PLI Scheme for Solar PV
The central government has approved the Ministry of New & Renewable Energy’s proposal for implementation of the Production Linked Incentive Scheme (Tranche II) on ‘National programme on High Efficiency Solar PV Modules’, with an outlay of Rs.19,500 crore, for achieving manufacturing capacity of Giga Watt (GW) scale in High Efficiency Solar PV Modules.
It was approved by the Union Cabinet chaired by Prime Minister Narendra Modi last fortnight
The national programme on High Efficiency Solar PV Modules aims to build an ecosystem for manufacturing of high efficiency solar PV modules in India, and thus reduce import dependence in the area of Renewable Energy. It will strengthen the “Atamnirbhar Bharat” initiative and generate employment.
Solar PV manufacturers will be selected through a transparent selection process. PLI will be disbursed for 5 years post commissioning of solar PV manufacturing plants on sales of high efficiency solar PV modules from the domestic market will be incentivised.
The outcomes/benefits expected from the scheme are as follows:
(i) It is estimated that about 65,000 MW per annum manufacturing capacity of fully and partially integrated, solar PV modules would be installed.
(ii) The scheme will bring direct investment of around Rs.94,000 crore.
(iii) Creation of manufacturing capacity for Balance of Materials like EVA, Solar glass, Backsheet, etc.
(iv) Direct employment of about 1,95,000 and indirect employment of around 7,80,000 persons.
(v) Import substitution of approximately Rs.1.37 lakh crore.
(vi) Impetus to Research and Development to achieve higher efficiencies in Solar PV Modules.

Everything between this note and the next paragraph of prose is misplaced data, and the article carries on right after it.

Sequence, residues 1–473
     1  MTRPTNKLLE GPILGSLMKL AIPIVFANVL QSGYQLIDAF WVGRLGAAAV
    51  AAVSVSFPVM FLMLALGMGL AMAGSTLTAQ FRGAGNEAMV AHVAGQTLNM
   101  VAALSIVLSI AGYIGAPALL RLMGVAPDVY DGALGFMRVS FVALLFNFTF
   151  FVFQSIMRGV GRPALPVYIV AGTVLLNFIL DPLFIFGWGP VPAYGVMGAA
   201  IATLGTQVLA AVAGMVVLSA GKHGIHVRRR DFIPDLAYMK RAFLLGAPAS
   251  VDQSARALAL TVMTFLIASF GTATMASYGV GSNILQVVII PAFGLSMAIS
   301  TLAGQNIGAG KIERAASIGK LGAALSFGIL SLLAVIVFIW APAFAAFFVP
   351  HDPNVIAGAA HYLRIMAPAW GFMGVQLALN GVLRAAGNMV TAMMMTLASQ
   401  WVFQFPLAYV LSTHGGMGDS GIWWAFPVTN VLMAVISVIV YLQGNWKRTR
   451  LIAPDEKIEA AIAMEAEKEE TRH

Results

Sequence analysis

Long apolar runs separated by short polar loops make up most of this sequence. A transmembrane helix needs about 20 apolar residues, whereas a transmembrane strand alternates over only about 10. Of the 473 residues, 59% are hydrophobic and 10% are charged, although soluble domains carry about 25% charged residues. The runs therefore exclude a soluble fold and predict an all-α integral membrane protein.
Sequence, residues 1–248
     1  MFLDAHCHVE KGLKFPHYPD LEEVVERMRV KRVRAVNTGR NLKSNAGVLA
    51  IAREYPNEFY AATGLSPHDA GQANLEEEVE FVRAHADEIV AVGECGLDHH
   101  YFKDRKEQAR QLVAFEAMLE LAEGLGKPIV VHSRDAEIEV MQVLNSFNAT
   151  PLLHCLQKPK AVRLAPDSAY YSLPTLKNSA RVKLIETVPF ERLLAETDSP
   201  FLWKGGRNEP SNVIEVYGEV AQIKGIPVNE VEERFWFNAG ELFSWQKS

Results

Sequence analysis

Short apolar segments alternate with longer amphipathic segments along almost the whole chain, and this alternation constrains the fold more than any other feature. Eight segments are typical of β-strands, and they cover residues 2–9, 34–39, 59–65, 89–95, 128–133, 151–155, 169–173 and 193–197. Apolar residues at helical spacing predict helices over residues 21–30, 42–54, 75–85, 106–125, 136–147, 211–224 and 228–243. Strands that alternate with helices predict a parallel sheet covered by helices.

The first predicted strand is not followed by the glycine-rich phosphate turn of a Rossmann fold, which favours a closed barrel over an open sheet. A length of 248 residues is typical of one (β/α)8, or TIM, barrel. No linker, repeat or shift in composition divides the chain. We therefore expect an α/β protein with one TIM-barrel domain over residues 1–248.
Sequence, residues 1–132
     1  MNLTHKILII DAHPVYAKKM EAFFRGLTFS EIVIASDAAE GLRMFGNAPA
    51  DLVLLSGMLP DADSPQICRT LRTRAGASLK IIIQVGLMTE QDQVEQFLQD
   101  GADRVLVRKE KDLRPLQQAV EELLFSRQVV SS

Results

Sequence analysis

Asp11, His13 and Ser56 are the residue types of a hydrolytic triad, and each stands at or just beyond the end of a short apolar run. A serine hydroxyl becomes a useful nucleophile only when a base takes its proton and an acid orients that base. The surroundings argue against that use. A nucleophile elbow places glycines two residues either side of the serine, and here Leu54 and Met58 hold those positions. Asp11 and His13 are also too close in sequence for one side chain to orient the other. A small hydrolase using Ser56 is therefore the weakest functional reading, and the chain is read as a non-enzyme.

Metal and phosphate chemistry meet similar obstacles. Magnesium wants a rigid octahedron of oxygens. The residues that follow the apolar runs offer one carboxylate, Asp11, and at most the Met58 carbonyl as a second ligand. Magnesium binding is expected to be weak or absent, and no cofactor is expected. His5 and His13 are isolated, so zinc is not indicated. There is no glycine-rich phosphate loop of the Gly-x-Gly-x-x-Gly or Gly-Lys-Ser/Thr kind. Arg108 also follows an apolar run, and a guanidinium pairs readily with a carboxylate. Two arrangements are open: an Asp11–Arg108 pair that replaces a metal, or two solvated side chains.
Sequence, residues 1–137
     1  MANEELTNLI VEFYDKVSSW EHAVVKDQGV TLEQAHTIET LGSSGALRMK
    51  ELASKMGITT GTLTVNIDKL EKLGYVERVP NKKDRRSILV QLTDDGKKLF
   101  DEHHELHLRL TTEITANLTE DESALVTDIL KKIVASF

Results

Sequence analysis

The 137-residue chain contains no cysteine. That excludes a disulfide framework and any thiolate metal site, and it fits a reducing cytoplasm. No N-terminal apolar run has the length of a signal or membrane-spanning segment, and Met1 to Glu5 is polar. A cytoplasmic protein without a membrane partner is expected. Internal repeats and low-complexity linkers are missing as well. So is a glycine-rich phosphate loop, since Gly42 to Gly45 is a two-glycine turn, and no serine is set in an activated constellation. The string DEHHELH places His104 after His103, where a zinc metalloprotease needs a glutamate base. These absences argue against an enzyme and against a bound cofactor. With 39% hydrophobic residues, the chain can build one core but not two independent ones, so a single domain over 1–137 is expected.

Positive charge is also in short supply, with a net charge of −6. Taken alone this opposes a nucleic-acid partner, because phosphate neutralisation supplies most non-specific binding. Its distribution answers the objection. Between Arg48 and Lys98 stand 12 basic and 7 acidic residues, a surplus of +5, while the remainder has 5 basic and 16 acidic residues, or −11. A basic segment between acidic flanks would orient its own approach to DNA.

Currently, India’s annual installed solar PV manufacturing capacity is 3 GW for solar PV cells, 10-15 GW for High Efficiency Solar PV Modules, 5 GW for solar inverters while we have no manufacturing capacity for “polysilicon/wafer/ingots”, another critical component in case of solar power systems.
The government plans to create an additional domestic manufacturing capacity of 25GW each of solar cells and modules, and 10GW of wafers by April 2023.
The government’s decision comes in the wake of some of the big challenges facing the solar power generation in the country and hopefully the result will be positive.
The challenges before the industry are manifold. Here, the most important challenge happens to be high import dependence that is not limited only to solar PV cells and modules. Incidentally, China accounts for over 80% of India’s import bill for solar PV cells and modules.
Besides, several raw materials such as silicon wafers, metallic pastes of silver and aluminium to form the electrical contacts too, are almost 100% imported.
Second challenge is low efficiency. Currently in India, 90% of the current solar photovoltaic (PV) panel installations are based on crystalline silicon, which maxes out at about 22% efficiency. Of course, there are other technologies being developed such as ‘Perovskite crystal coated panels’ which can bring up this efficiency to about 27%.
Third, there is the factor of obsolete technology. The majority of domestic production (60-70%) of solar PV in India employs multi-Si module technology – which is nearing obsolescence, leading to low capacity utilization in factories.
Fourthly, competitiveness is also an issue. Out of the 15 GW of module manufacturing capacity, only 3-4 GW of modules are technologically competitive and worthy of deployment in grid-based projects.
Fifthly, there is poor R&D. India has hardly invested in creating high-quality high-TRL technology centers such as IMEC Belgium or the Holst Centre in the Netherlands, which can help the industry to try and test the technologies in a cost-effective manner.
Finally, lack of cohesive renewable energy policies among centre and state governments and frequent fluctuations in policies have stalled the growth of solar installations mainly in the open access and rooftop solar market in India.